I may be reading too much into Rothfuss’ casual comment, but the instinct to slow down and smell the roses is very real among these guys; all of them have gotten criticized for focusing on world-building at the expense of forward momentum. For Rothfuss, that came after the release of The Wise Man’s Fear in 2011. For Martin, it came after both A Feast for Crows and A Dance with Dragons. And a lot of The Wheel of Time books get blasted for this, to the point where Rafe Judkins — the guy behind the upcoming Amazon adaptation — made a joke of it on Twitter:

And the fans, notably, agreed with him, so well understood is it that these middle books are meandering and don’t add much to the overall experience. I’m happy to hear that they’ll be condensed down for TV, but why are they there in the first place?

And I think this expansive instinct makes sense for fantasy authors. After all, they’re not writing about discrete events in human history with a set beginning, middle and end — they’re inventing worlds out of whole cloth, and then delighting to play in them. There’s something very childlike about imagining a whole new world, and a child who’s letting their imagination run away with them may not stop playing unless someone steps in and makes them.

In the publishing context, that person is usually the editor. But if you’re editing George R.R. Martin’s latest book, and you tell him you think it would be better if he cut a third of it, is your word really going to matter? Once a series is successful, the incentive for the publisher is to put a lot of it out there so people have more reason to buy. They may even want to split the books up. Personally, I think Feast for Crows and Dance with Dragons — books four and five in Martin’s series — should have been cut down to size and released as one volume, but that would mean fewer books, and that would mean less money. Basically, I very much doubt that editors are really pushing successful fantasy authors to cut big parts of their work, and if they are, their voices are drowned out by others.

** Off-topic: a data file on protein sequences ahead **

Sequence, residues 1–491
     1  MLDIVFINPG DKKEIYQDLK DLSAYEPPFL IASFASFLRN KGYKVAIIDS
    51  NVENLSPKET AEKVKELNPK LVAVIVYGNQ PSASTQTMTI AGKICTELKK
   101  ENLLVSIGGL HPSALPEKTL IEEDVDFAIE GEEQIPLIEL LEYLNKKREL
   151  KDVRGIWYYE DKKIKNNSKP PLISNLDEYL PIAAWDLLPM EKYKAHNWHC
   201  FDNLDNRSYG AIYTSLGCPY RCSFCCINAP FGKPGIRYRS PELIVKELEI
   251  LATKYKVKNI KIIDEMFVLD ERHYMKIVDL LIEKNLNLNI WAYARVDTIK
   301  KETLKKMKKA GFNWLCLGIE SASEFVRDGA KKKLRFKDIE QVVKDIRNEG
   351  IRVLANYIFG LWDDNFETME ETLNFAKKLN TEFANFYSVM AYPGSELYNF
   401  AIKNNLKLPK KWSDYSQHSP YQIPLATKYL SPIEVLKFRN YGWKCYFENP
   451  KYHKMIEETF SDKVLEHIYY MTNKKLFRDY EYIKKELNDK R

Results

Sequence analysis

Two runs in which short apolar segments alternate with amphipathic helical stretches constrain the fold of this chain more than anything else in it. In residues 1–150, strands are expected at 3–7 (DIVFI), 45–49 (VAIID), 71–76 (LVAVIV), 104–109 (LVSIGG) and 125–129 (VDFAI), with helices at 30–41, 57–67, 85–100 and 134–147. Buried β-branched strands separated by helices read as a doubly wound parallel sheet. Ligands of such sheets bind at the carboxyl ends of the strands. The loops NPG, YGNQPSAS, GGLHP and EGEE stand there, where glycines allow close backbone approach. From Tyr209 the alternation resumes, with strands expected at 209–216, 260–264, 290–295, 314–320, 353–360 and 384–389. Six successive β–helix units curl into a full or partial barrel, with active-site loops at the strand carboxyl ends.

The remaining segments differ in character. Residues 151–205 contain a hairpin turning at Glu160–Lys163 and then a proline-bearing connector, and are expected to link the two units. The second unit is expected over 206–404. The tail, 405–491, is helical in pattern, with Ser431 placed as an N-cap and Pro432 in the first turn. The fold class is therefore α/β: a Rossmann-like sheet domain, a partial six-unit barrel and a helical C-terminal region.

Outlander Season 5 Key Art and Marketing Shoot – Sep 17-21 2019

I also think the wait for these kinds of epic fantasy novels can feel more protracted because, from the beginning, there’s an endpoint in mind. Eventually, the White Walkers have to breach the Wall. Kvothe has to confront his parents’ killers, and the Dark One has to be defeated. This is in contrast to a series like Diana Gabaldon’s Outlander, which is very character-driven and could theoretically continue for as long as Gabaldon has ideas for what those characters should do next. It’s hard to become impatient to “get to the end” with a series like that, because the end isn’t specified.

…at least so far as I know. I’ll be honest: I haven’t read a ton of Outlander, but that’s the impression I get. Don’t you judge me.

Image: The Lord of the Rings: The Fellowship of the Ring/New Line Cinema

And it doesn’t have to be like this. The most influential fantasy book of all time, The Lord of the Rings, is a tight three volumes…although it’s true that J.R.R. Tolkien had so many ideas about the world ungirding his story that he filled up many extraneous appendices and books to the point where his Legendarium has a fandom all its own.

Actually, yeah, I think Tolkien fits into this group of “fantasy authors who can’t stop adding detail,” with the crucial difference that most of that detail was reserved for secondary publications while his base story was pretty straightforward. I wish Martin, Rothfuss, and their contemporaries were a little more thoughtful of keeping on that path. Until they and their colleagues have an epiphany, we wait.